*This post was drafted by Wesley, an Instructional Technology Collaborator*

Using Technology to Help Foster Classroom Connections

Building new connections and fostering valuable connections can be intimidating for both instructors and students, particularly those new to a university. Numerous studies have shown, when students have strong connections with instructors they reap positive benefits including better engagement in the classroom and higher self-confidence. As more faculty integrate technology, particularly Canvas, into all classroom environments, the opportunities to foster these relationships grows.

Canvas offers instructors a variety of tools to interact and connect with students. Canvas discussions allow participants to contribute ideas and feedback to specific questions or topics. Many faculty also create “Q&A” discussions as an open area for students to ask questions on course topics outside of the face-to-face setting. This can lead to enhanced student understanding of topics or areas where more focused instruction needs to take place. Faculty also create “After the Lecture” discussions where they add additional lecture resources or information and students can provide feedback and input on the topic discussed in class.

Canvas Conferences allow instructors and students to meet in an online meeting room for a more dynamic and direct connection. Conferences offer audio and video connection, which many students enjoy as a way to get to know their online instructors. Conferences allow for live-demo sessions, immediate Q&A sessions, or simple course reflection. Faculty often offer online office hours as a convenient opportunity to meet with off-campus students or for those students who cannot meet during regular office times. Other faculty offer “Last Minute Question Sessions” where students can pop-in and ask questions while studying for a big-test or exam and get immediate, clear feedback.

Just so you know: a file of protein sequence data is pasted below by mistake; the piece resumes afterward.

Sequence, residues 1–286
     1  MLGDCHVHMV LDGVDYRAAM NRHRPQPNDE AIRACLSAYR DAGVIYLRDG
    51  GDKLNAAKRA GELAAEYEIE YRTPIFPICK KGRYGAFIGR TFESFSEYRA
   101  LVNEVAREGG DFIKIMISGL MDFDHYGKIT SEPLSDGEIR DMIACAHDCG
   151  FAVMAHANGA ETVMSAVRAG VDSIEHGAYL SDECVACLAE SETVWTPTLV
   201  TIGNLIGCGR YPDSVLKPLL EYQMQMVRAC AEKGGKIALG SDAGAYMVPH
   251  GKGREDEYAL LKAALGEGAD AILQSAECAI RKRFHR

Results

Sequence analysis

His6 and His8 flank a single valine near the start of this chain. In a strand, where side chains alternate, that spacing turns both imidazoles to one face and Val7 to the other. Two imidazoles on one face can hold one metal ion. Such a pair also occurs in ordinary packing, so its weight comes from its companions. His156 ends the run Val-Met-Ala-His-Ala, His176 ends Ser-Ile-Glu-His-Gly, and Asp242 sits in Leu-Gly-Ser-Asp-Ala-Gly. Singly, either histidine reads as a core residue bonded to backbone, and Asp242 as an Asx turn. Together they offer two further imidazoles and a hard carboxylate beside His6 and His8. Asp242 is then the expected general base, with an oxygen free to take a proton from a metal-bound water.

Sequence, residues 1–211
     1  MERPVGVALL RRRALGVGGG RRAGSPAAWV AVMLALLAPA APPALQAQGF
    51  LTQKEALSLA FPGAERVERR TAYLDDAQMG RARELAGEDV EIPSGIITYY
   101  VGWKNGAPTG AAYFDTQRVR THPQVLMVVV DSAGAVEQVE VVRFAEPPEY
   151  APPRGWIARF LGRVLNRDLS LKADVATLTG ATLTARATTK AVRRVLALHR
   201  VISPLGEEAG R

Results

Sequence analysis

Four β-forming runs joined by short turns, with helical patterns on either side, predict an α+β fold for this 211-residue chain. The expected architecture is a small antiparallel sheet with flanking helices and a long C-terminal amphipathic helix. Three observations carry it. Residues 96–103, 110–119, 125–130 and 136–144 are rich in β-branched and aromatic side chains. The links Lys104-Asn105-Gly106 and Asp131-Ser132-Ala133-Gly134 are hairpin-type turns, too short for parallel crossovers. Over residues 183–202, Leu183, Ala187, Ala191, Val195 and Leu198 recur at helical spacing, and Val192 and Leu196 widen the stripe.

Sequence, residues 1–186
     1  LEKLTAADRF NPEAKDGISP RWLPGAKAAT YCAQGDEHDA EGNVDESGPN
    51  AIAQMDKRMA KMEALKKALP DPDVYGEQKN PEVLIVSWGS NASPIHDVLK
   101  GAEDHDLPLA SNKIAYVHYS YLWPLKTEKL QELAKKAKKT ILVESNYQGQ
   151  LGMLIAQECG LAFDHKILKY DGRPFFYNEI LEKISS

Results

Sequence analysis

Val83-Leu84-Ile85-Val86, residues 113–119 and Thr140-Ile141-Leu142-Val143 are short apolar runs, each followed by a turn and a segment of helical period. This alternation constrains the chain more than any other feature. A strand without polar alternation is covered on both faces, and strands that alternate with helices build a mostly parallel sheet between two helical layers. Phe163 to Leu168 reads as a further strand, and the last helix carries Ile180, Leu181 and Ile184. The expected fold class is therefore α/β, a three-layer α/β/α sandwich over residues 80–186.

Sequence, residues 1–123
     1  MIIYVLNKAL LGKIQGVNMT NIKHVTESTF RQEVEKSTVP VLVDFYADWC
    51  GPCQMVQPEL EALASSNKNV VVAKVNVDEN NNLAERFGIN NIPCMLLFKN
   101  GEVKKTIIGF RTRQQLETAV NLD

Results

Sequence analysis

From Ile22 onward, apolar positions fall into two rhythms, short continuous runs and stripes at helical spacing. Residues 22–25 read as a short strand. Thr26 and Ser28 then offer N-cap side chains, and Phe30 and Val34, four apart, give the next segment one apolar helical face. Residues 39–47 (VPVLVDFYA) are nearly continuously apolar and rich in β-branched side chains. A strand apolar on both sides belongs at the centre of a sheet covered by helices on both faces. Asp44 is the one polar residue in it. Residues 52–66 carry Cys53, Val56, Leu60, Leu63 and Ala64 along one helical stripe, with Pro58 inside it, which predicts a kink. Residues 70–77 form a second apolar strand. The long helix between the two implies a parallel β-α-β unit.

Building student and instructor connections provides students opportunities to gain experience developing and fostering professional relationships. These connections allow students to feel more engaged with their courses, as well as the university as a whole. To learn more about how you can use Canvas tools to connect with your students, contact the DEC today by calling x4332 or e-mail dec@longwood.edu.